This Landmine deadlift is extremely beneficial as it is much less technical than any deadlift variation that is performed from the floor. I have also found that many individuals have an easier time mastering the Landmine deadlift than they do the Romanian deadlift that is performed with dumbbells or a barbell, the trap bar deadlift, and even the rack/block pull.
Due to the bar being wedged between the legs, and the arms being pinned to the body, the likelihood of the weight drifting forward from the body is much less likely. The placement of the bar also forces the body to travel in a set plane as it cannot move forward without being jabbed by the bar. This encourages people to move by hinging their hips backwards versus lowering down by 1) rounding their spine, 2) lowering their chest without hinging their hips 3) squatting down, or 4) a combination. This set-up makes executing the hip hinge much easier to learn.
As a result, many beginners can master this extremely important fundamental movement, and while under load. This will allow them to gain the necessary levels of technique and movement mastery, strength and controlled mobility that will help them thrive in the gym, in their given sport (if relevant), and in their everyday life. The Landmine deadlift also serves as a stepping-stone that will help many individuals transition to being able to perform more advanced deadlift variations.
- Set up the bar so it is lengthwise. You can anchor the bar against a stable surface like a wall, weight plate, or box.
- Position your body so the front of the bar is right against your pelvis. If you execute the hip hinge to perfection, the end of the bar should not strike your body.
- Loop a resistance band under the middle of your feet, and wrap it around the bar.
- Place your feet so they are roughly hip width apart or slightly wider, and have a very slight bend in your knees. If it's more comfortable, you can point your toes out a small amount. Adopt a foot width and position that feels and works the best for you. If your stance is not completely symmetrical, do not sweat it, particularly if this stance works and feels the best.
- Form a tripod base by placing your weight on the mid to back of your feet, and keep your toes down, particularly your big and baby toes. These parts of your feet should remain in contact with the floor for the duration of the exercise. Pretend that you are suctioning or screwing your feet to the ground.
- Keep your elbows straight, arms rigid, and squeeze them into your sides. Pretend that you are trying to crush something in your armpits.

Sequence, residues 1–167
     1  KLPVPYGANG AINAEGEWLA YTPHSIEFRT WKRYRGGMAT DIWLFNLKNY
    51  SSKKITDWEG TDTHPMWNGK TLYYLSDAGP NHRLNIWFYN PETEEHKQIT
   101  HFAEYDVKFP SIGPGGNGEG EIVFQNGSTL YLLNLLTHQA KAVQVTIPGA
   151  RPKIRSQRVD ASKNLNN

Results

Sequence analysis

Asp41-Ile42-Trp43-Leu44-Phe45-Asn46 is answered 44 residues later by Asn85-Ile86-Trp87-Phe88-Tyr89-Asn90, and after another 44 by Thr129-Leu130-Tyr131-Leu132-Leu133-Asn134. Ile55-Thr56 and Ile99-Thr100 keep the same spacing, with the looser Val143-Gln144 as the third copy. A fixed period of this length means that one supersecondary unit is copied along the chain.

- Before each rep, take a deep breath in through your nose (360 degrees of air around your spine), brace your core (360 degree brace), and tuck your ribs down towards your hips (close the space in your midsection).
- Now hinge/push your hips backwards as far as you can. You can pretend that a rope is attached around your hips and is pulling them backwards, or that you are trying to push your glutes backwards into a wall that is behind you.
- When you feel a mild stretch in your hamstrings, return to the starting position by driving through the tripod base, and squeezing your hamstrings and glutes. With this, and any hinging movement, lower does not mean better. Lower down by hinging your hips back, not by rounding your back, dropping your chest down towards the floor, or squatting down.
- You can exhale when you are returning to the starting position, or you can hold your breath for the duration of the rep, and can reset in between reps.
- Lock out at the top by pushing your hips forward and extending your knees. Squeeze your glutes, hamstrings, and quads, brace your core, tuck your ribs towards your hips, and drive your arms into your sides. Do not allow your lower back to hyperextend or ribcage to flare. Your head, torso, and hips should be in a stacked position.
- The bar and your arms should not travel ahead of your body. During the hinge, your arms should graze the inside of your thighs, and during the lockout, your arms and hands should remain tight to your body.
- For the duration of the exercise, do not allow your spine to hyperextend, or round. Keep your neck in neutral alignment and chin tucked. Do not look up.
- Reset before each rep.
- Choose a weight and band resistance that allows you to maintain proper form at all times. It is vital that you master proper form and the movement before you add additional resistance in the form or weight or a band.
You can make this exercise easier by using less weight. You can also use a band with less resistance, or no band at all.
You can make this exercise more challenging by using more weight, or you can use a band with more tension. You can also perform negative reps and can take 3-5 seconds to hinge your hips back.